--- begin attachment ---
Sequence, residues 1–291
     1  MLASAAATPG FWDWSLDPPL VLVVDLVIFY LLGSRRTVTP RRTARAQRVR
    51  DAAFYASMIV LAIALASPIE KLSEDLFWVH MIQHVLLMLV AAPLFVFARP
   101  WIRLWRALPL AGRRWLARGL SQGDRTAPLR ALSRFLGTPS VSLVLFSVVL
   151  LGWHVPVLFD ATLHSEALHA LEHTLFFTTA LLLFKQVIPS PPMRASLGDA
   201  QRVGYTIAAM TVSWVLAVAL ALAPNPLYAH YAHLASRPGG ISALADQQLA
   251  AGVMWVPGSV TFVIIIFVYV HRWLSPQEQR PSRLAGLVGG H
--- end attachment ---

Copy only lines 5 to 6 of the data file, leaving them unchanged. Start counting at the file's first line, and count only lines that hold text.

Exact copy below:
   151  LGWHVPVLFD ATLHSEALHA LEHTLFFTTA LLLFKQVIPS PPMRASLGDA
   201  QRVGYTIAAM TVSWVLAVAL ALAPNPLYAH YAHLASRPGG ISALADQQLA